Burnout Revenge: Really an enhancement of the changes made in Burnout 3, I found this game to be compelling but it still lacked the charm of Burnout 2. The crashbreaker moved into race mode so you could, if you were taken out by your opponents, explode next to them for the titular revenge takedown. Race mode definitely benefited with the improvements over Burnout 3 and so did crash mode. In removing the pick-ups from crash mode but keeping the crashbreaker available after causing n number of crashes, they moved back toward the simplicity of the Burnout 2 crash mode. But they added a golf-game-style hit-the-button-at-the-top-and-bottom-of-the-thing-on-the-left mechanic that was only really fun when your friends didn't know about it and blew up their car at the starting line. Actually, that part was hysterical. They also added needless button mashing to invoke the crashbreaker that I'm certain caused many controllers to be replaced.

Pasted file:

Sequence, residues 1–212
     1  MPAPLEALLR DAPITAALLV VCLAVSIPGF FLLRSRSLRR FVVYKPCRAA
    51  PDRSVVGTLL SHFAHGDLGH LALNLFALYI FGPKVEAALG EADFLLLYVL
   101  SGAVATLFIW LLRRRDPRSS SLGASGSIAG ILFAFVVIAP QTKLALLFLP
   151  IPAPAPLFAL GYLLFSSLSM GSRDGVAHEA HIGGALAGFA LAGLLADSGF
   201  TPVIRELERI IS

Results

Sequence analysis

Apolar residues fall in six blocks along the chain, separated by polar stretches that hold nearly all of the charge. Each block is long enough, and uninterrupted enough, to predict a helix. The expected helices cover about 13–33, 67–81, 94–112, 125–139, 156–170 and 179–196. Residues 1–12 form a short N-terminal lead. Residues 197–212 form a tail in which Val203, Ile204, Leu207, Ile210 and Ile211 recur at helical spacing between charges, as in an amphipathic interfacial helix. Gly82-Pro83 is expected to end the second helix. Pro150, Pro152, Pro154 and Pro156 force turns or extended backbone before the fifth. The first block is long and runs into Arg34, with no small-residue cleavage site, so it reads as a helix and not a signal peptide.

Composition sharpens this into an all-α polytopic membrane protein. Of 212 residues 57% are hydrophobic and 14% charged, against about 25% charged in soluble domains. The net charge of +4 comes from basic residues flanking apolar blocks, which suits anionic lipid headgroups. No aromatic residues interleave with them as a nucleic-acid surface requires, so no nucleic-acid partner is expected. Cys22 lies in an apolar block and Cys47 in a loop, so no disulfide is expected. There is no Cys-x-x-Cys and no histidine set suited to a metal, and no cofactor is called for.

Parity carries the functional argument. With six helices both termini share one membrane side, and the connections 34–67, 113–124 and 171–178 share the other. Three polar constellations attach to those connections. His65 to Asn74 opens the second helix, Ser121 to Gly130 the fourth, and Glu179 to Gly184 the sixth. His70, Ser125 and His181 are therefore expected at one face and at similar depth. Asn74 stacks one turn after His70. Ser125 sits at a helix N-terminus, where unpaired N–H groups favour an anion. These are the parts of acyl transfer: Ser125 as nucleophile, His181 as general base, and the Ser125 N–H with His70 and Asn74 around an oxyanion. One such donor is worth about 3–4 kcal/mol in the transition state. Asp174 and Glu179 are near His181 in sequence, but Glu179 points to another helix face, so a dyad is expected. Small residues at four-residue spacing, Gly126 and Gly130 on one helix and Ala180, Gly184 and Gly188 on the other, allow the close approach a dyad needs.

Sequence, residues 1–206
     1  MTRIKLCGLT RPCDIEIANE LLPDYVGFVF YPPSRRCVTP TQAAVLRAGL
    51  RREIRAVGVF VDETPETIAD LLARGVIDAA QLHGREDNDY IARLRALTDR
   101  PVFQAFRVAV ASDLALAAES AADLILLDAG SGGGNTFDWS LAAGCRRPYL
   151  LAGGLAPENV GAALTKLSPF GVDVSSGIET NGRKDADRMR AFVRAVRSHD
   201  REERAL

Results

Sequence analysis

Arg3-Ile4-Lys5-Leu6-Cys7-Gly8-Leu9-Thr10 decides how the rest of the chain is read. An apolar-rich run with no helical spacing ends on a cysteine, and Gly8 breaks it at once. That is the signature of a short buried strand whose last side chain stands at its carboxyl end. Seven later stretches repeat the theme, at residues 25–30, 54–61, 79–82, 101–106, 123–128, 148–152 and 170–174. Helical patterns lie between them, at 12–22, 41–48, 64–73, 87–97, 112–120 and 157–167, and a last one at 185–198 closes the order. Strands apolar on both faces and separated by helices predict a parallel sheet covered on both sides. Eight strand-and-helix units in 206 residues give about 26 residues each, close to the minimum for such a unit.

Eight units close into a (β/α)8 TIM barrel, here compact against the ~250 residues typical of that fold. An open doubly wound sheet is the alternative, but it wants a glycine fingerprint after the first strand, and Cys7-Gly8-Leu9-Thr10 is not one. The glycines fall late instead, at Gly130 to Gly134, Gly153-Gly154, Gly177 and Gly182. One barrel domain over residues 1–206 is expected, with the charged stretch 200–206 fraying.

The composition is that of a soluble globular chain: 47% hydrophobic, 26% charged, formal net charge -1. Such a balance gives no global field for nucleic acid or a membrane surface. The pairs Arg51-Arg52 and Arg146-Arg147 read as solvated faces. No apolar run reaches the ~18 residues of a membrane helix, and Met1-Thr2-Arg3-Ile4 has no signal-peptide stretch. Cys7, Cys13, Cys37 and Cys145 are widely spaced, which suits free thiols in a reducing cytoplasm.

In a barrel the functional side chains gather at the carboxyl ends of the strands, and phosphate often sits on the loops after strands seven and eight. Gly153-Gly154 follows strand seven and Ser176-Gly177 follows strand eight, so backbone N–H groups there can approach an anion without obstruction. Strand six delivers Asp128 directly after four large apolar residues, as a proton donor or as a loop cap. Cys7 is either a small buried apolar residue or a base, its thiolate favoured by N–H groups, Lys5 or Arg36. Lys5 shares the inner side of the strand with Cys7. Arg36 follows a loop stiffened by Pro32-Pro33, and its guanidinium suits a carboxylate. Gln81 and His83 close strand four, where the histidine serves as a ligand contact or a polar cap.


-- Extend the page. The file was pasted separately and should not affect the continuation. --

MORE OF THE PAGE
Burnout Paradise: Welcome to the world of open, non-linear gameplay where the player has free reign over a citywide environment and the ability to skip playing the game entirely and just drive around hitting jumps and wrecking their car.
Wait... Didn't I play this already? Wasn't it called Grand Theft Auto? Well, there aren't any pedestrians to run over here and you don't get to fly any helicopters or shoot anyone in the face with an RPG, but I really felt the need to look around for hidden packages. Okay, so no hidden packages, but like the Rockstar billboards in GTA, the Burnout billboards in paradise city are a target for bonuses. Removing the game menu is a common tool for creating a "more immersive game experience" these days and Burnout Paradise has certainly done that. If you want to go to a new race or other type of challenge, take a look at the street map and then drive there. Again, memories of GTA now with a twist of the more recent Tony Hawk games come to the surface.